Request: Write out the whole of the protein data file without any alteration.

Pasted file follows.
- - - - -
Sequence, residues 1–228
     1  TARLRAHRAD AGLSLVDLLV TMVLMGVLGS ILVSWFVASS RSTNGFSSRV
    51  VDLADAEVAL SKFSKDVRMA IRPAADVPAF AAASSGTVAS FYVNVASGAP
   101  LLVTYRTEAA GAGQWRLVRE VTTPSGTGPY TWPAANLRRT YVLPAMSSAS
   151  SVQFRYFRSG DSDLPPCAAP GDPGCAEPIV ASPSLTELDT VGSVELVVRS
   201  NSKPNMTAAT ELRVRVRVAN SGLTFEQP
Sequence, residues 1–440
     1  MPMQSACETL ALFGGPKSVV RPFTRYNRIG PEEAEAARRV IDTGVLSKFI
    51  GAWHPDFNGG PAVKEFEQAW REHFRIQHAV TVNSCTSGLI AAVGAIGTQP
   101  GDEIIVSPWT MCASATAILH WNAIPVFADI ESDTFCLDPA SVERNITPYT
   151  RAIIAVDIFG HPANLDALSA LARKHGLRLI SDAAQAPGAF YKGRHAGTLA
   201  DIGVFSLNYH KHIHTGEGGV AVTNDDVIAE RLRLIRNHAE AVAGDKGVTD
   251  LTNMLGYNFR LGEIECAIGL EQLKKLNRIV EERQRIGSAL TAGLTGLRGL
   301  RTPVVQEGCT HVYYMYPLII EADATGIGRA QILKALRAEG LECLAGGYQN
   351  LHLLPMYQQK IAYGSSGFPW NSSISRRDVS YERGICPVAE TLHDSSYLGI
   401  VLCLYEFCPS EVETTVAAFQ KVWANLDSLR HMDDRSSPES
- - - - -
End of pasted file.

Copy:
Sequence, residues 1–228
     1  TARLRAHRAD AGLSLVDLLV TMVLMGVLGS ILVSWFVASS RSTNGFSSRV
    51  VDLADAEVAL SKFSKDVRMA IRPAADVPAF AAASSGTVAS FYVNVASGAP
   101  LLVTYRTEAA GAGQWRLVRE VTTPSGTGPY TWPAANLRRT YVLPAMSSAS
   151  SVQFRYFRSG DSDLPPCAAP GDPGCAEPIV ASPSLTELDT VGSVELVVRS
   201  NSKPNMTAAT ELRVRVRVAN SGLTFEQP
Sequence, residues 1–440
     1  MPMQSACETL ALFGGPKSVV RPFTRYNRIG PEEAEAARRV IDTGVLSKFI
    51  GAWHPDFNGG PAVKEFEQAW REHFRIQHAV TVNSCTSGLI AAVGAIGTQP
   101  GDEIIVSPWT MCASATAILH WNAIPVFADI ESDTFCLDPA SVERNITPYT
   151  RAIIAVDIFG HPANLDALSA LARKHGLRLI SDAAQAPGAF YKGRHAGTLA
   201  DIGVFSLNYH KHIHTGEGGV AVTNDDVIAE RLRLIRNHAE AVAGDKGVTD
   251  LTNMLGYNFR LGEIECAIGL EQLKKLNRIV EERQRIGSAL TAGLTGLRGL
   301  RTPVVQEGCT HVYYMYPLII EADATGIGRA QILKALRAEG LECLAGGYQN
   351  LHLLPMYQQK IAYGSSGFPW NSSISRRDVS YERGICPVAE TLHDSSYLGI
   401  VLCLYEFCPS EVETTVAAFQ KVWANLDSLR HMDDRSSPES